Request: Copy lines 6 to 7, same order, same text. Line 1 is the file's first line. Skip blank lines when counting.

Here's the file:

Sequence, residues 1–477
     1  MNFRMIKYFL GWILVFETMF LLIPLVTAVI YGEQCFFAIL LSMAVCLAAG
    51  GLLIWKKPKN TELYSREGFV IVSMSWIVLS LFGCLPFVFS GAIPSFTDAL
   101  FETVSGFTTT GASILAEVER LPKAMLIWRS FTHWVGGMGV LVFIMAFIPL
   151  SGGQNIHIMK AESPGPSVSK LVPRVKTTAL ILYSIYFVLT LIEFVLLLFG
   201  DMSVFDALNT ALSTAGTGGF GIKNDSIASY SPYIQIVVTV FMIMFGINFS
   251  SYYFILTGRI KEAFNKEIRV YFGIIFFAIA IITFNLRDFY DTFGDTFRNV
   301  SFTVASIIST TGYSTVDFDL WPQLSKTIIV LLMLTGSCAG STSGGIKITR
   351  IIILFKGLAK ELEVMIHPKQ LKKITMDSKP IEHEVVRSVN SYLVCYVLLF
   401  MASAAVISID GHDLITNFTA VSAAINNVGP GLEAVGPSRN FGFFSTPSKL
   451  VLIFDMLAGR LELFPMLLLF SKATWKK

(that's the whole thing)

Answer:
   201  DMSVFDALNT ALSTAGTGGF GIKNDSIASY SPYIQIVVTV FMIMFGINFS
   251  SYYFILTGRI KEAFNKEIRV YFGIIFFAIA IITFNLRDFY DTFGDTFRNV